Categorized | North

Bikini Girls boss back in business


The boss of the former Bikini Girls chain has won approval to reopen a defunct “therapeutic massage service” in suburban Perth – against the wishes of WA’s largest local authority.

Bikini Girls founder Bon Levi has successfully appealed the City of Stirling’s refusal of his massage business at 22C Muriel Avenue in Innaloo.

The decision of State Administrative Tribunal member Maurice Spillane was delivered on January 28 but not published until today.


Mr Spillane’s approval is conditional on no more than two “employees in relation to the therapeutic massage business” being on site at any one time, and the workers being supervised by a “permanent site manager”.

The business – located in a small row of shops across the street from low density bungalows – will be allowed to open between 10am and 7pm Monday to Saturday.

Operation on Sundays and public holidays will be prohibited.

The former Bikini Girls shop had been closed pending Mr Spillane’s decision.

Now he has found the proposed use is legal the shop can reopen.


Mr Spillane ordered that the shop was not to sell publications classified as restricted under WA’s Censorship Act or products intended to be used for sexual activity.

Permanent, obscured curtains must also be installed and drawn during night time to prevent direct view into the premises.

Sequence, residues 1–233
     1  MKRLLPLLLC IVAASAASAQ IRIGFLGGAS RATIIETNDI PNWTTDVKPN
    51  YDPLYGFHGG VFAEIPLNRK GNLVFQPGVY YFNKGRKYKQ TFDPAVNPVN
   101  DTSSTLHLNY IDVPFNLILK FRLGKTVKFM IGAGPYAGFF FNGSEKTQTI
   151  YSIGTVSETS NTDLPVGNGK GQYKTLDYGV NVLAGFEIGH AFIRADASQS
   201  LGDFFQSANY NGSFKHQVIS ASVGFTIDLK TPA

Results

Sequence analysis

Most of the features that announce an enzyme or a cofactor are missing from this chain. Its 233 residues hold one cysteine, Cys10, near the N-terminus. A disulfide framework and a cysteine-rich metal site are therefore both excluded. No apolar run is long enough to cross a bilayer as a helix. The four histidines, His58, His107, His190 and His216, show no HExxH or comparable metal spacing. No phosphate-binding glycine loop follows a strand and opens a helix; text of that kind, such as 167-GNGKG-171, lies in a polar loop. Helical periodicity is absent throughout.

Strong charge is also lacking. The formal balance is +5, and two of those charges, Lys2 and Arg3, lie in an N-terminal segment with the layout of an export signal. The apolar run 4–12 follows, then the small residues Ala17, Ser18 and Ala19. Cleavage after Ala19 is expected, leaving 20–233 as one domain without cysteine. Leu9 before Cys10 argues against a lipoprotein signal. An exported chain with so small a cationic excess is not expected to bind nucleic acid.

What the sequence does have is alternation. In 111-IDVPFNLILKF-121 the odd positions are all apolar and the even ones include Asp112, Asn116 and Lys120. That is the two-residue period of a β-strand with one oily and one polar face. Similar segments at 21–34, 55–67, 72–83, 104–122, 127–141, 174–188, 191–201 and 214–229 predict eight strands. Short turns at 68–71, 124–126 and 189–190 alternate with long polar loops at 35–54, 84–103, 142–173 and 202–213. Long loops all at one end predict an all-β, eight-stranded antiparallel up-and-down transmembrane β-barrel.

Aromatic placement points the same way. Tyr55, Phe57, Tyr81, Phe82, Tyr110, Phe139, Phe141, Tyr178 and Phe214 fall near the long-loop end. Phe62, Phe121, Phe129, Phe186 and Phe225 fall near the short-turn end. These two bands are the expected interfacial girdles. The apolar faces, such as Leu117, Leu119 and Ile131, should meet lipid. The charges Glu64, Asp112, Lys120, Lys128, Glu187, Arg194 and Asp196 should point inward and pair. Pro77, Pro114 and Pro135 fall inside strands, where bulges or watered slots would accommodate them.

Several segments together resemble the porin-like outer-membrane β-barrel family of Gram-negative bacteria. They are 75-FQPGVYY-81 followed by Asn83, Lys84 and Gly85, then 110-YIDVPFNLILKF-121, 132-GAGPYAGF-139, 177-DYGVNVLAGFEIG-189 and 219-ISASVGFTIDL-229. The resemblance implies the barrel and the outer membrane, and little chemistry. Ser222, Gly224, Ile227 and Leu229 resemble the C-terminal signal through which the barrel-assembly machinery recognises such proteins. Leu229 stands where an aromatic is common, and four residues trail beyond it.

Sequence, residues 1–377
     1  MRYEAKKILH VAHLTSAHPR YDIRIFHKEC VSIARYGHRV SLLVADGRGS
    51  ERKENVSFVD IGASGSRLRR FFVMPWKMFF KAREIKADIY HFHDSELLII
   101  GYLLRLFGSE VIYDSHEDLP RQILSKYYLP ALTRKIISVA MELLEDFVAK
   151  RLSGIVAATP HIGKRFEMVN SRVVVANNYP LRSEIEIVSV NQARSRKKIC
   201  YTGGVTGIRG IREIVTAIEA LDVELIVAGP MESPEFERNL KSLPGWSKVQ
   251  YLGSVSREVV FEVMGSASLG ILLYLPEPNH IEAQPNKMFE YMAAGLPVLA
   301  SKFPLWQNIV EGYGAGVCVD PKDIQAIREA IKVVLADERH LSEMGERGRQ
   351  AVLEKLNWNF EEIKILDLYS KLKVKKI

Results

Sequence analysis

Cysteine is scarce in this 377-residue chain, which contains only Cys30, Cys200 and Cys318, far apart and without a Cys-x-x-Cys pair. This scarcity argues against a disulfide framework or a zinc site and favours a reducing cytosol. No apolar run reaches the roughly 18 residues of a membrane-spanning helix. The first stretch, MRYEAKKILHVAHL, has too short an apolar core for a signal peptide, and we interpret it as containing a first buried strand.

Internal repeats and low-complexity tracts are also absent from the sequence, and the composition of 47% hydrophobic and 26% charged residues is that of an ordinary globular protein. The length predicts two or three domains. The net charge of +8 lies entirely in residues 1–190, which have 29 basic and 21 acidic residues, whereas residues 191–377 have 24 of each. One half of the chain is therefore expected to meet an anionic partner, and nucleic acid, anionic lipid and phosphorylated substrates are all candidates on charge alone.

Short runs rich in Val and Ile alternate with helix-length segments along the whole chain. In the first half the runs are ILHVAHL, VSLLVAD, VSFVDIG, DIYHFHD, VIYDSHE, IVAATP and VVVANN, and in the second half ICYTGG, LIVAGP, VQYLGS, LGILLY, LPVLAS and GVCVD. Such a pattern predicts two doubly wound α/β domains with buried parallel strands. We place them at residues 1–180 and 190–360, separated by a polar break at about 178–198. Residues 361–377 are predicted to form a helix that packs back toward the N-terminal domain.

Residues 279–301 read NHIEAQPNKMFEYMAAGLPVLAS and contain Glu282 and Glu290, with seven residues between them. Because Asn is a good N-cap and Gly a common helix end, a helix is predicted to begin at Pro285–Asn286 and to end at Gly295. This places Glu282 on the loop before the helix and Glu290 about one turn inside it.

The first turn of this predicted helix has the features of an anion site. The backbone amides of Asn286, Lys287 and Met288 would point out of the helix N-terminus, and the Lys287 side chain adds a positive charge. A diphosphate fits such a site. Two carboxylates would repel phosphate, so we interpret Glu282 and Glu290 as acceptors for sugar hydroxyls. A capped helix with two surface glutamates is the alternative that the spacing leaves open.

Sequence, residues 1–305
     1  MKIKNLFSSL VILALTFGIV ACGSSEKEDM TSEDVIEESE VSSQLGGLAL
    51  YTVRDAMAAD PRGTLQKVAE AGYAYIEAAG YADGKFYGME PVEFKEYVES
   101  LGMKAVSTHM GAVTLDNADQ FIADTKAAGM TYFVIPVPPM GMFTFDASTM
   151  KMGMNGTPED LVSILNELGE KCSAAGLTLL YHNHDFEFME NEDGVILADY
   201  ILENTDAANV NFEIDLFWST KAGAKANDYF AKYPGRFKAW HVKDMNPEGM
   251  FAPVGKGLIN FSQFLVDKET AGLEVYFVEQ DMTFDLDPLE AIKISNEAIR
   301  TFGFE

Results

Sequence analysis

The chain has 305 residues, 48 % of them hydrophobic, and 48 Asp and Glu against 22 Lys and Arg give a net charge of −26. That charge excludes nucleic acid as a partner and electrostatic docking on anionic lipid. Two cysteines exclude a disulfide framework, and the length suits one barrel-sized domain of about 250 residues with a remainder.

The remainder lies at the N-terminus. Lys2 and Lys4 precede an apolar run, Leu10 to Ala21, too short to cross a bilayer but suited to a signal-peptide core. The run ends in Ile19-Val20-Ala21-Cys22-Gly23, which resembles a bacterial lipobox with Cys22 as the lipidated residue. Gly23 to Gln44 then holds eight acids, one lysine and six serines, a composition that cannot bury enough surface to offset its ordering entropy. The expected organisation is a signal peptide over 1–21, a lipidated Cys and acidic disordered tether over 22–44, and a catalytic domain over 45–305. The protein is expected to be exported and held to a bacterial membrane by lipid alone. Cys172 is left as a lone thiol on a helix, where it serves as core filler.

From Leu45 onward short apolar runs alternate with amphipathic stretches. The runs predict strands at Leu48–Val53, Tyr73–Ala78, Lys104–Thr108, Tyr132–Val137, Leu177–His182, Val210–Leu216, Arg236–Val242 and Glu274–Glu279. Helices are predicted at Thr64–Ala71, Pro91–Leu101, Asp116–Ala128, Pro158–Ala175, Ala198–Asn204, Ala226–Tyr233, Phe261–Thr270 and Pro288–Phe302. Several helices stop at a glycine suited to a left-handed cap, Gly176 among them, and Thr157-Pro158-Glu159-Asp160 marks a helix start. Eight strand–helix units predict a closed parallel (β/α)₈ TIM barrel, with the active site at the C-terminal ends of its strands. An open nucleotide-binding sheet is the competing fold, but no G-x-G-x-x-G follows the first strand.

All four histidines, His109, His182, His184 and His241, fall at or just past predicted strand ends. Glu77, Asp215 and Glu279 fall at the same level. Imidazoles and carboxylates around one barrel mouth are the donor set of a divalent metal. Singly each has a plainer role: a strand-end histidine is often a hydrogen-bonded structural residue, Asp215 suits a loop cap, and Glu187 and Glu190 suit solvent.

Before Mr Spillane, town planner John Meggitt, engaged by the city, disputed Mr Levi’s description of the service as “genuine Swedish Bowen therapy massage”.


Mr Meggitt said that Mr Levi’s masseuses wore bikinis or lingerie. He submitted that this was more for “titillation and entertainment” than for the care and treatment of clients.

He said the city had received complaints about loud music, antisocial behaviour, inappropriate trading hours and undesirable people in the area.

City witness, and Scarborough MLA, Liza Harvey said she would have no problem if the business were operating in the Osborne Park industrial area. However, she opposed its operation in a residential area.

SINCE 1971

Mr Levi explained he had been in the massage business since 1971 when he owned the Bikini Girls business in Adelaide.

He said his business was genuine and the bikinis and lingerie were “simply marketing”.

Mr Levi said no sexual services would be offered.

He said his Bikini Girls shop on Canning Highway in Applecross had done very well.

But a dispute with the Department of Consumer Affairs had forced him to paint out the shop’s ‘Bikini Girls’ advertising hoarding, and trading figures dropped to near zero.

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